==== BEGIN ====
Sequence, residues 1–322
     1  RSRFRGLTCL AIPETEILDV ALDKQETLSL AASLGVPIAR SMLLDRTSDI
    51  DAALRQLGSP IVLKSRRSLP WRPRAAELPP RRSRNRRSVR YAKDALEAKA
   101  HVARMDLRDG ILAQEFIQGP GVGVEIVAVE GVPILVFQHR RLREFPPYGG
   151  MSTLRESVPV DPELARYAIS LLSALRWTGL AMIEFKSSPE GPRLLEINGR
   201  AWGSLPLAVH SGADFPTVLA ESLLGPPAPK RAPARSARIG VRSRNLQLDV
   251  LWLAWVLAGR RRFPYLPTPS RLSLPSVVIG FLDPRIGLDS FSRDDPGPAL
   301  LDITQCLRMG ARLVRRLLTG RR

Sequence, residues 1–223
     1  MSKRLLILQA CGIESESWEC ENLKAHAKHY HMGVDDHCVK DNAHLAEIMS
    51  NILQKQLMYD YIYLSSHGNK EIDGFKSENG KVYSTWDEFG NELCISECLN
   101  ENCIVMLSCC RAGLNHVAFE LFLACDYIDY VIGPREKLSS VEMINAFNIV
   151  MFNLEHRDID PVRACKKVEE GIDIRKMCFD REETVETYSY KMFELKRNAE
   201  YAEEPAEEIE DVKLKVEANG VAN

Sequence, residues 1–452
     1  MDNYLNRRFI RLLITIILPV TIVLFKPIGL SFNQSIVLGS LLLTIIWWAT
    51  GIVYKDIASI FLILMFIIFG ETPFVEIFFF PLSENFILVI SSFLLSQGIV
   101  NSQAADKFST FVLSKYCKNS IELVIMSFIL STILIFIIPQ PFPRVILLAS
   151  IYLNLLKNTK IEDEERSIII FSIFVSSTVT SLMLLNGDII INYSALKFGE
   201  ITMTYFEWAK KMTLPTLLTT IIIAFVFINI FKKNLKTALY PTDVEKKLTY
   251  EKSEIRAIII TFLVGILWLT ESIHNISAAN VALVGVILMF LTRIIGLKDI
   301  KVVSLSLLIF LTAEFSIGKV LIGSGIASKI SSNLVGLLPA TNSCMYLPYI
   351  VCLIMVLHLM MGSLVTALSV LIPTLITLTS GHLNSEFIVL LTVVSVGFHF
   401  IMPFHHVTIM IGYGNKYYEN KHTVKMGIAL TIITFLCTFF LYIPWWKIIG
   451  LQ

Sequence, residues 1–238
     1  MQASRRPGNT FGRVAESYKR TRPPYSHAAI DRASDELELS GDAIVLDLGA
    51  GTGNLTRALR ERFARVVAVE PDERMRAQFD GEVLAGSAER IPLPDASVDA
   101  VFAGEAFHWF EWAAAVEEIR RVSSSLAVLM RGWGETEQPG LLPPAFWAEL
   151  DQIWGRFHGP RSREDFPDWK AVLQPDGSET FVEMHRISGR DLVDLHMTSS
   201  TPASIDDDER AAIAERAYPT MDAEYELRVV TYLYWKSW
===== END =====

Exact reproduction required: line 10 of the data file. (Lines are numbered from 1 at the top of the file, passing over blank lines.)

     1  MSKRLLILQA CGIESESWEC ENLKAHAKHY HMGVDDHCVK DNAHLAEIMS